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of technology with his sons and often takes apart his computer just to watch his seven- year-old boy, Isaiah, put it back together.

Last year he had just worked his way into a managerial position for a janitorial company when the company started losing contracts. His hours were cut more and more until finally he was jobless. Landing at Our House has allowed him time to regroup. Awash in his hometown, with no acquaintance or family member to call on, safe harbor was Our House’s old brick buildings and chain- linked grounds here in the shadow of an abandoned hospital. His four children have been happy to take part in the shelter’s summer kids’ programs, and his new wife, Krystal, has been using her job as a manager at Church’s Chicken to help the family save for a better home.

Barnum, 32, is at that threshold of age where youth and middle age begin to blur. He plays in a sports league, makes digital drumbeats and dreams of owning a music studio. And now his oldest child is standing at the threshold of manhood. Dante is 13, and Barnum looks at him with both admiration and trepidation. The kid is bright—he has always made honor roll—and well liked. He dreams of owning an investment company. But his school is rough. When Barnum visited it he was disgusted with the condition of the bathrooms, and so he asked for a job as a janitor, partly for sanitary reasons, but mostly out of a paternal instinct to look

after his boy.

“I guess there’s opportunity wherever you make it,” the father reckons. “But I don’t know, man, it’s pretty rough out there. There’s a lot of gangs and there’s a lot of violence. It’s pretty scary. I know he’ll make some good decisions and some bad ones. I just gotta be there for him.”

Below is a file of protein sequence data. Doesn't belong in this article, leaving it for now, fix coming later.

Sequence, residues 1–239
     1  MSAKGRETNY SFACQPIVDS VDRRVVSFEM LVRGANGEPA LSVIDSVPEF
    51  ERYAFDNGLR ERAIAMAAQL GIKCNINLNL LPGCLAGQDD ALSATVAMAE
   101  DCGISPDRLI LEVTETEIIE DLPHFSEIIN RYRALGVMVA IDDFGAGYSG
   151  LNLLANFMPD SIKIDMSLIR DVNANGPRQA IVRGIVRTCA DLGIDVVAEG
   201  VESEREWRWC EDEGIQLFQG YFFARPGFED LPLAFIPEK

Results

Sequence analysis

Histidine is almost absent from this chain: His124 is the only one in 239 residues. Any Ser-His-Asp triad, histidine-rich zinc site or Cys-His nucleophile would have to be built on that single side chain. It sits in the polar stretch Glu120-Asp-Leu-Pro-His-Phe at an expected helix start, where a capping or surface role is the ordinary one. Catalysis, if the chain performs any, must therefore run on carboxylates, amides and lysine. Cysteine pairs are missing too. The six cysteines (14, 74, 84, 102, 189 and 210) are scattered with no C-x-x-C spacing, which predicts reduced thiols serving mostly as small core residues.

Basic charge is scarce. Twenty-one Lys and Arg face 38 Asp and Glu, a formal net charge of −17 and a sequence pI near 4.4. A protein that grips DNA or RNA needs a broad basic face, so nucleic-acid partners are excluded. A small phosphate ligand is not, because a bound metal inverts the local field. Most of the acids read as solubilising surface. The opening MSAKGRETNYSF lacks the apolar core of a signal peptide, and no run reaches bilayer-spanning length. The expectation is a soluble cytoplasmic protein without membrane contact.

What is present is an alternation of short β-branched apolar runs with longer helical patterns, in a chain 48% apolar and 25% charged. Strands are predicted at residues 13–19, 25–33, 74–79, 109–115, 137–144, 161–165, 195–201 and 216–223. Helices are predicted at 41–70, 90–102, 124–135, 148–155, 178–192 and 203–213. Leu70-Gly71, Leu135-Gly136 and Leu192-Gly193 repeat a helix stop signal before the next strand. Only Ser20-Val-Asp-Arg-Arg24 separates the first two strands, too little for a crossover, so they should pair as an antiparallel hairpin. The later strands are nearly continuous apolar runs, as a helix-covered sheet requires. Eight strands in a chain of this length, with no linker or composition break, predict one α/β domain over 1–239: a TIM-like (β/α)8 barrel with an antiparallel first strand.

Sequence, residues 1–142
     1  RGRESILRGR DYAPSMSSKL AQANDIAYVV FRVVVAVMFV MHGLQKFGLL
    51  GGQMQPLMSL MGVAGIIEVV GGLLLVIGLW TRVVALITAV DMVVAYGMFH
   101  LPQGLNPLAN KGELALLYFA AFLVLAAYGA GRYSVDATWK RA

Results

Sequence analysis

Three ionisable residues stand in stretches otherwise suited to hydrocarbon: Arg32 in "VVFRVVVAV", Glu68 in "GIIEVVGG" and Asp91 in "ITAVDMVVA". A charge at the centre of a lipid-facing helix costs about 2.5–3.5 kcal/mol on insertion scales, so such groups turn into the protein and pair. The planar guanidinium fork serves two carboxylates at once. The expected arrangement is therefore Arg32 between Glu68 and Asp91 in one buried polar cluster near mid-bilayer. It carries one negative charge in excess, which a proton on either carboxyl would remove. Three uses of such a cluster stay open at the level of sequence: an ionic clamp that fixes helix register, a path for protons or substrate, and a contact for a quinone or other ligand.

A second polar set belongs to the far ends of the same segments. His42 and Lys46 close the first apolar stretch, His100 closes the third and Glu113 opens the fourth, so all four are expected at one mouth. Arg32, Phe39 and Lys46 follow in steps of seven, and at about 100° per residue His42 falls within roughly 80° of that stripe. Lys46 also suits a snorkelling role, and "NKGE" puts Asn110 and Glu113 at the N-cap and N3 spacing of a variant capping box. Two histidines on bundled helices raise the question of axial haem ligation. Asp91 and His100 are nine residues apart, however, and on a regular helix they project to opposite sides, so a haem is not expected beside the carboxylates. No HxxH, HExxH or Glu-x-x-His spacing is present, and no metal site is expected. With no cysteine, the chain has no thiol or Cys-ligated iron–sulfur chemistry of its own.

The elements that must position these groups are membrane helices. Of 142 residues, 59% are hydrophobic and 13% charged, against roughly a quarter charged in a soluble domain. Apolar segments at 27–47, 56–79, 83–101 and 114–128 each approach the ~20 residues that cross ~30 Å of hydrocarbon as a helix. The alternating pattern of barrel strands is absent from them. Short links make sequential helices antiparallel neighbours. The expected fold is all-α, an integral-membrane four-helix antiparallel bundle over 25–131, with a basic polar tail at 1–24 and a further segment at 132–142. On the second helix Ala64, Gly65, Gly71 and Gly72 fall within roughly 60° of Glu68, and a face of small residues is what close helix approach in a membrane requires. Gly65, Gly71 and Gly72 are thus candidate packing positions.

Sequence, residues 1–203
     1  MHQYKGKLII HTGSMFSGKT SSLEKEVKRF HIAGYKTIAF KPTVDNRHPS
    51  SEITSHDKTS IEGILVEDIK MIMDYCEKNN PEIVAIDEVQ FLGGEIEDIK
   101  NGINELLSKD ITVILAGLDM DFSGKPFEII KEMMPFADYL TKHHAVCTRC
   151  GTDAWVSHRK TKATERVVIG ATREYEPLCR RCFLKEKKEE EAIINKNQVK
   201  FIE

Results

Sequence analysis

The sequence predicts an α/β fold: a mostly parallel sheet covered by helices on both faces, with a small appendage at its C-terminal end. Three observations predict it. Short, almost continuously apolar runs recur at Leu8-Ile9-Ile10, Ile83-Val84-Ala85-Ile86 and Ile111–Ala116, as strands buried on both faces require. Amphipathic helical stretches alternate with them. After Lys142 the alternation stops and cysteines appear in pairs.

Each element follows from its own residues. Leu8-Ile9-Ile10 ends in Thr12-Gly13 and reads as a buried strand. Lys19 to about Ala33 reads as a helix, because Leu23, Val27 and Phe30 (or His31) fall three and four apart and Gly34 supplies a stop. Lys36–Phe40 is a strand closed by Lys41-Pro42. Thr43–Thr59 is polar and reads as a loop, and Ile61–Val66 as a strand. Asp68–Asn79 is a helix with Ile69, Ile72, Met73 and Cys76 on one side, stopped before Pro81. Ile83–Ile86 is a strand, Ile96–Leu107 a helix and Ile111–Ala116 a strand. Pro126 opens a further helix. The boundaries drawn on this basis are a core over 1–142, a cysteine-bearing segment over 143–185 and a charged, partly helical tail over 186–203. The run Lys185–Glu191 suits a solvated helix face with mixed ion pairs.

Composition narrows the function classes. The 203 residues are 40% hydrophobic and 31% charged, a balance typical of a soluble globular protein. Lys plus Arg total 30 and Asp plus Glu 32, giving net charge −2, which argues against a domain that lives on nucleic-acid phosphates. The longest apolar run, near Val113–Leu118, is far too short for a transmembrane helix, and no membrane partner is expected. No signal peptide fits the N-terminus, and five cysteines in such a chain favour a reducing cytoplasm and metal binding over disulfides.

He says his south Little Rock neighborhood is slipping back into what it was in the early 90’s, back when an HBO documentary, Gang Wars: Banging in Little Rock, both cemented the city in the nation’s imagination as a frightful, desperate place, and elicited a community effort to clean up the streets that, until recently, seemed to be working. “It seems like the gangs are taking over again,” Barnum says, although he is not the kind to blame his surroundings for his struggles. Even in regard to violence and drugs, his elaboration stops at this: “There’s just a lot of knuckleheads out there.”

It is as if, for him, thoughts of community decay are as dangerous as the agents that bring it about.

Barnum remembers his army training and, like any soldier, is slow to make excuses. He will not say that being an African American male in the South puts him at a disadvantage. He will not muse about the better school districts to which he will probably never send his kids. He is slow to complain about the lack of afterschool programs for his teenage son. There is not time for that. Today he has a job interview for a position as a crossing guard at a school. It’s part-time, but it’s a step towards getting his family into a home of their own.

He says unemployment and homelessness have not stripped him of his role as provider. “I may not be financially in the best position, but I still take responsibility,” he says.

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